Indian Theatre has an unbroken tradition of over 2000 years, starting with the monumental Sanskrit dramas of play-wrights like Bhasa, Kalidasa, Shudraka, Vishakadatta, Bhavabhuti and Harsha. Indian drama was however reborn during the British period, right from the 18th to the 20th Centuries.
There was corresponding unprecedented development in theatre: the rise of urban entertainment theatre.
This arose in order to provide entertainment to the increasing population of big cities consequent upon industrialization.
Simultaneously, literary drama was the output of great Indian language writers in different parts of India. The most famous of such playwrights was Rabindranath Tagore, who enriched the genre of drama as much as he enriched poetry and fiction.
There were counterparts of Tagore in other languages also. The greatest poets in different languages produced a rich harvest of drama: Samsa and Kuvempu in Kannada, Subrahmanya Bharathiar in Tamil, Sreekanthan Nair in Malayalam, Bharatendu Harishchandra and Jaishankar Prasad in Hindi.
In Pre-Independence India, Bombay with its rich urban theatre in the form of the ‘Parsi Theatre’, the Kannada theatre, Bengali theatre, Gujrati theatre, Tamil theatre movement spurred by Shankaradas Swamigal and the Marathi Natyasangeet that combined different genres of drama, music, dance and folk traditions into an entertaining experience were some of the leading lights of the Indian theatre scenario. When recording technology came to India in 1902,Gaisberg, the Gramophone Company’s agent made recordings of several theatre artists in Calcutta like Star, Corinthian and others with several important artists like ‘Noti’ Binodini and others being recorded. In time, the Company also recorded full-length plays and a collection of about 10-11 discs containing the entire play made for ideal gifts for people to give others!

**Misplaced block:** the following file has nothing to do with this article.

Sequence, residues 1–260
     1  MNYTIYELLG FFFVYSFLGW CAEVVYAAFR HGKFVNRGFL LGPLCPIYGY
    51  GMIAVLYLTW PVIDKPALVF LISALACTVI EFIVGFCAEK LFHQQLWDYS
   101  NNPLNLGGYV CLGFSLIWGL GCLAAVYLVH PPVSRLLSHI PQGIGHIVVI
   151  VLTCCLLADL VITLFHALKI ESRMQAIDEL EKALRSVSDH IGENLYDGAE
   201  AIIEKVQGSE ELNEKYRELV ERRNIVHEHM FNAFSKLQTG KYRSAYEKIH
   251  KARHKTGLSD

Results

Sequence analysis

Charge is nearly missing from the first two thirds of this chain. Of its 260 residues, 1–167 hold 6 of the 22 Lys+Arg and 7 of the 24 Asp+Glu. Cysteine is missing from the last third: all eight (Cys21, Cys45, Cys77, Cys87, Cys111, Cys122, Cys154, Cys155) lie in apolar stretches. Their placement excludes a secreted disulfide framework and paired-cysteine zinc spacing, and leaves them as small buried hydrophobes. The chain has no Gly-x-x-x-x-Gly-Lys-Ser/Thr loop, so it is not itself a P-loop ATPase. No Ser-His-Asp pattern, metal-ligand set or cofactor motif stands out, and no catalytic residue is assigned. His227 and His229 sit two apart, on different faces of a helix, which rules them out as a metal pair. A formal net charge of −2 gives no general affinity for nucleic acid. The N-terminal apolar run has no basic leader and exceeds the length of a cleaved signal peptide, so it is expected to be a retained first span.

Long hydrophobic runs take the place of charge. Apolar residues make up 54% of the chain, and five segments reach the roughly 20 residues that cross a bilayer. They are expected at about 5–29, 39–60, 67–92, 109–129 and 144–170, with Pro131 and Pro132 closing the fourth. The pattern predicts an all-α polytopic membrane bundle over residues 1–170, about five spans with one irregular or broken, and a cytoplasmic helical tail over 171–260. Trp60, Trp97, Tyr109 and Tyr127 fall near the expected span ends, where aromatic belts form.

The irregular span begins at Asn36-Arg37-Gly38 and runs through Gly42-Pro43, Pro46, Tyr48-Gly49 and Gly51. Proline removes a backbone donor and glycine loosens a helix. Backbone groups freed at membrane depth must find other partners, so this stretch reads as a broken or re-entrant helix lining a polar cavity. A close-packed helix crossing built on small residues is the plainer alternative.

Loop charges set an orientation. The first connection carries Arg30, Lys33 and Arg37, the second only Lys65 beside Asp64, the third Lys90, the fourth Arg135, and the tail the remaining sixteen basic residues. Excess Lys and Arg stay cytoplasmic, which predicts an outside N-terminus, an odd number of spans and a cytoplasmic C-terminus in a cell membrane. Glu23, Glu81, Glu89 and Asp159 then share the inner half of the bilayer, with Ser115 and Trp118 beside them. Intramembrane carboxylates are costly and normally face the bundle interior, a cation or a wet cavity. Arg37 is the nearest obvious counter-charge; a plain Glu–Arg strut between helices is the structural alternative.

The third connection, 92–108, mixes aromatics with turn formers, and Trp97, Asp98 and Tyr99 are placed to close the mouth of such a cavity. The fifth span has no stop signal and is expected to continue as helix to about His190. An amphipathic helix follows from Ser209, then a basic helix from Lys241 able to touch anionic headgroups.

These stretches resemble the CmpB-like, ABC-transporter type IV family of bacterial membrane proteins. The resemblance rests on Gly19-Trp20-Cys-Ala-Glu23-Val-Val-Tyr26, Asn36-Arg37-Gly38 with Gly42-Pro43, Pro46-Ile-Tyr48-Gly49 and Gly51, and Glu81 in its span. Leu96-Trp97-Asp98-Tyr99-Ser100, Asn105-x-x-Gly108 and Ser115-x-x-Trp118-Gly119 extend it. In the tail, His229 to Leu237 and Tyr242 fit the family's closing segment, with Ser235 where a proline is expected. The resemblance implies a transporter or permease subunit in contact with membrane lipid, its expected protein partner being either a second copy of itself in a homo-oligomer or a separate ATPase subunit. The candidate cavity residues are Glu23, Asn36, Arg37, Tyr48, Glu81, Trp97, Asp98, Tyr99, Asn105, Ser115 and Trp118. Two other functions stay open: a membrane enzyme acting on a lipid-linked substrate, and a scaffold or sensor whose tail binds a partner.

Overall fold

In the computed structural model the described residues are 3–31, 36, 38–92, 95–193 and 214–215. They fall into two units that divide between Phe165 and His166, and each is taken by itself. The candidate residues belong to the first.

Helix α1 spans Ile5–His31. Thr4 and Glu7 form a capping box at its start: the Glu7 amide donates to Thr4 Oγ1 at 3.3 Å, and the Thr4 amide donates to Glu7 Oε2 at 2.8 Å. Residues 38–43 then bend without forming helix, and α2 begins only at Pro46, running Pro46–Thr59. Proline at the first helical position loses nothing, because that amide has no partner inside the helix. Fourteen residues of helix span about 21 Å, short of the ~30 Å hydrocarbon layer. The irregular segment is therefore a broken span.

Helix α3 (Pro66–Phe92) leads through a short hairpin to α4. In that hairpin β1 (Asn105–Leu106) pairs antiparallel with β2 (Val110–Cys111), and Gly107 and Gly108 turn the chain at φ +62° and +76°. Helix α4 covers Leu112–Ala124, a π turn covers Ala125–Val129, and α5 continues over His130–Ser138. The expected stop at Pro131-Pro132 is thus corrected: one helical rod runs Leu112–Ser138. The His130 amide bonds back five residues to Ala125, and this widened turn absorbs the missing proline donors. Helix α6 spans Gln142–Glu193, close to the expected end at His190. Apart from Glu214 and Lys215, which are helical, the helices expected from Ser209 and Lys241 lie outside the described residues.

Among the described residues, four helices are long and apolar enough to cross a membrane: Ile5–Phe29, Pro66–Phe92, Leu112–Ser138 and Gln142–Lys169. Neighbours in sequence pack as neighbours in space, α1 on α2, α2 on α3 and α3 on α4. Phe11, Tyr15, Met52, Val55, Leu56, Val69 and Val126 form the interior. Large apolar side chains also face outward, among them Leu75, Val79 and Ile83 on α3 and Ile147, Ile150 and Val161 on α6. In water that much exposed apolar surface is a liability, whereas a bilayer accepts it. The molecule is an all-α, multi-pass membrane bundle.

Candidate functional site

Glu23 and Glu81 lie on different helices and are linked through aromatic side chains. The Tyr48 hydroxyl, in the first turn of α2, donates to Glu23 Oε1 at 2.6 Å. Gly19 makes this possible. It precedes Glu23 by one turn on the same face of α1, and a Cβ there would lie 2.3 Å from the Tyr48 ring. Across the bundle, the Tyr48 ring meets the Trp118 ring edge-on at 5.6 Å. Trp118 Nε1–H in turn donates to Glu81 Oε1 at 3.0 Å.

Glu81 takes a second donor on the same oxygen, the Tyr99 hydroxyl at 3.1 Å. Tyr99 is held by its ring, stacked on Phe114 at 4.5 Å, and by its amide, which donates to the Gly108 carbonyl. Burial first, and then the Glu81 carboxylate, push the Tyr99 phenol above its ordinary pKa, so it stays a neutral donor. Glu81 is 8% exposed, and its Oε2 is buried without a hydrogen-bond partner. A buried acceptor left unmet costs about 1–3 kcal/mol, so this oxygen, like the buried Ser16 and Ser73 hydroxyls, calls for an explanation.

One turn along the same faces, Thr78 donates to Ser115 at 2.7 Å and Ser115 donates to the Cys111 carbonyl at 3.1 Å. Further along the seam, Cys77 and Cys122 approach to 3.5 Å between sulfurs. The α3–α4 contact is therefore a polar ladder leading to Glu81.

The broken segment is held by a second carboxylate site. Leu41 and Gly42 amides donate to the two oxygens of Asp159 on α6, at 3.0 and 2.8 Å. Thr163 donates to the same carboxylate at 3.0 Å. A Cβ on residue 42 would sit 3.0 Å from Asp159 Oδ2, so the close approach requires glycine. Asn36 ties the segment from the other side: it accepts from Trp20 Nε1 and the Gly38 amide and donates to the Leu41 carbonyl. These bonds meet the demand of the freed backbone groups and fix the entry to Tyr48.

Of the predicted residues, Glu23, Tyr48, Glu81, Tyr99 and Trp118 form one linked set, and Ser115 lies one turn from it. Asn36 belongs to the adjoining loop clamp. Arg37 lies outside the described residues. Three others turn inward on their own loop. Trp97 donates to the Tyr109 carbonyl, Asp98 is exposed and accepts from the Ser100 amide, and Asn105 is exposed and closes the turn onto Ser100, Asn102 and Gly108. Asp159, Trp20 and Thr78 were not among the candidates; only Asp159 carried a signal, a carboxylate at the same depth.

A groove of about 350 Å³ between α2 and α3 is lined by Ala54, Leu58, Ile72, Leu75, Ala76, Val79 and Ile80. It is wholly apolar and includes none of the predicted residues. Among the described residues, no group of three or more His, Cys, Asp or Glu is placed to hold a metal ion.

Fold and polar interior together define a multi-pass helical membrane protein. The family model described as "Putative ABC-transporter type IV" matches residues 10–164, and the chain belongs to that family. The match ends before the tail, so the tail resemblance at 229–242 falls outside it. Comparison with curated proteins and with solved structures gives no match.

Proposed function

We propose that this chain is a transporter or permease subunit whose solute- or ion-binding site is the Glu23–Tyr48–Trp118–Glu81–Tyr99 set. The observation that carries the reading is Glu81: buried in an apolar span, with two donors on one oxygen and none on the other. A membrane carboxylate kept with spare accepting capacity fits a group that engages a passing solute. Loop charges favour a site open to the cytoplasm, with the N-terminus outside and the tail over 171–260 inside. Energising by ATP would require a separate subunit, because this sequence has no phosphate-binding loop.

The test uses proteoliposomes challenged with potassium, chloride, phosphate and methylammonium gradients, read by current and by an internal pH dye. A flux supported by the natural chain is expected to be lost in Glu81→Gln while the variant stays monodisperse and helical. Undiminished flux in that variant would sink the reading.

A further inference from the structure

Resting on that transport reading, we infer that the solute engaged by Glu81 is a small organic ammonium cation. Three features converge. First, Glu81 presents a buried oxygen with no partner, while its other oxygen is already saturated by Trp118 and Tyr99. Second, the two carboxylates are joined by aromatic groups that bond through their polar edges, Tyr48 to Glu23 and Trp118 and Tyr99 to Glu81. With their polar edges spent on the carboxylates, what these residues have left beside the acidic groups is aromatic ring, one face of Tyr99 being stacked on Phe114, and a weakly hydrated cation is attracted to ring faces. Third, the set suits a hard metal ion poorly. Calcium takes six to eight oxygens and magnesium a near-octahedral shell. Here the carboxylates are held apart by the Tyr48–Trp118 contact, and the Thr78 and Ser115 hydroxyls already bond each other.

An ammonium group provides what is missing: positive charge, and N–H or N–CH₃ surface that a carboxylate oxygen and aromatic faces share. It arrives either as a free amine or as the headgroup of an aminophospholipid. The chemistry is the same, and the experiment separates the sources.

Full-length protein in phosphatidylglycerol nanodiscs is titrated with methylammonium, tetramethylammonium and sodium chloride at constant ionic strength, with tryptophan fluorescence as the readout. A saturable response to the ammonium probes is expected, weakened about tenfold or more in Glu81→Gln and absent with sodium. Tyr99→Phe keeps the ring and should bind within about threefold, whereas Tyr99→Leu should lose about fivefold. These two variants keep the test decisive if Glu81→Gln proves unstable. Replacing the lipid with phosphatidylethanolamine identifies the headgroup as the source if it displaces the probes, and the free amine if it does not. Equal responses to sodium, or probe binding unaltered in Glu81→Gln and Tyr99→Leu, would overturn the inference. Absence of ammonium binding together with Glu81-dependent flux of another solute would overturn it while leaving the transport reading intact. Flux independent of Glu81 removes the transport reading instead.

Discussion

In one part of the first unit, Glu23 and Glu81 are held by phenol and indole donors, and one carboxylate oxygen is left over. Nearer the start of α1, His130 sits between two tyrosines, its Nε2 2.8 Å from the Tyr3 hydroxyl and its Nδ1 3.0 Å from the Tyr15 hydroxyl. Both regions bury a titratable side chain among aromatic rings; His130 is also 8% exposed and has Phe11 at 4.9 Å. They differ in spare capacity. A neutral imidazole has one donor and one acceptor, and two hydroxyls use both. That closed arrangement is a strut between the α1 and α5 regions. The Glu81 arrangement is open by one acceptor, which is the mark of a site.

We present here, glimpses of these voices from the theatres of India—from Bal Gandharva’s Marathi theatre, Bidaram Krishnappa’s Kannada theatre in Mysore to Gujrati Theatre, Alfred Natak Mandali’s Hindustani drama ‘Asire Hir’ and the Shining Star Society’s Tamil play ‘Lava Kusha’.
Bal Gandharva (1888-1967)
Marathi Theatre & Natyasangeet
Narayan Sripad Rajhans, better known as Bal Gandhrava after he was christened thus by freedom fighter Bal Gangadhar Tilak, is undoubtedly the greatest figure of the Marathi Theatre. Born in Nagthane Village of Sangli in Maharashtra he started off by singing Bhajans.
In 1905 he began his career with the Kirloskar Natak Mandali and later along with stalwarts of the Marathi stage like Ganpatrao Bodas and Govindarao Tcmbe, formed the Gandharva Sangeet Mandali in 1913. He acted in about 25 classic Marathi plays. He particularly won attention for the several female roles that he played and one of the most popular figures of Marathi Natya Sangeet.
He was a disciple of Bhaskarbuwa Bakhale. His famous roles include that of Bhamini in ‘Manapaman’ , Rukmini in ‘Swayarnvar’ (1916) and ‘Sindhu’ in Ekach Pyala (1920). In 1964 he received the Padma Bhushan Award from the Government of India.
Bidaram Krishnappa (1866-1931)
Kannada Theatre in Mysore